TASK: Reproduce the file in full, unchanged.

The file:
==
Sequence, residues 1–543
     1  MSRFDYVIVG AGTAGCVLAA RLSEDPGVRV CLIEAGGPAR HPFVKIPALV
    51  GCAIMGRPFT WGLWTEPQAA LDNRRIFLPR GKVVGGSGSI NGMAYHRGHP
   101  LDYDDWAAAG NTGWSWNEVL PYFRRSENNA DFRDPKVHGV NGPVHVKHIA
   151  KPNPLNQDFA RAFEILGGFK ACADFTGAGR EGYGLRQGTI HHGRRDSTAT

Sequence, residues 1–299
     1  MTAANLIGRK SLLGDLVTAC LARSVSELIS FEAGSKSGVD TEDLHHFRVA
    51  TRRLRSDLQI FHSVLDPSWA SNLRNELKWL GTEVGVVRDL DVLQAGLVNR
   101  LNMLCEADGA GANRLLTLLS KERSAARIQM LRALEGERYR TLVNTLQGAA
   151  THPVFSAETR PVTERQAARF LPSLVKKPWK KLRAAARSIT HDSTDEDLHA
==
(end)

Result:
Sequence, residues 1–543
     1  MSRFDYVIVG AGTAGCVLAA RLSEDPGVRV CLIEAGGPAR HPFVKIPALV
    51  GCAIMGRPFT WGLWTEPQAA LDNRRIFLPR GKVVGGSGSI NGMAYHRGHP
   101  LDYDDWAAAG NTGWSWNEVL PYFRRSENNA DFRDPKVHGV NGPVHVKHIA
   151  KPNPLNQDFA RAFEILGGFK ACADFTGAGR EGYGLRQGTI HHGRRDSTAT

Sequence, residues 1–299
     1  MTAANLIGRK SLLGDLVTAC LARSVSELIS FEAGSKSGVD TEDLHHFRVA
    51  TRRLRSDLQI FHSVLDPSWA SNLRNELKWL GTEVGVVRDL DVLQAGLVNR
   101  LNMLCEADGA GANRLLTLLS KERSAARIQM LRALEGERYR TLVNTLQGAA
   151  THPVFSAETR PVTERQAARF LPSLVKKPWK KLRAAARSIT HDSTDEDLHA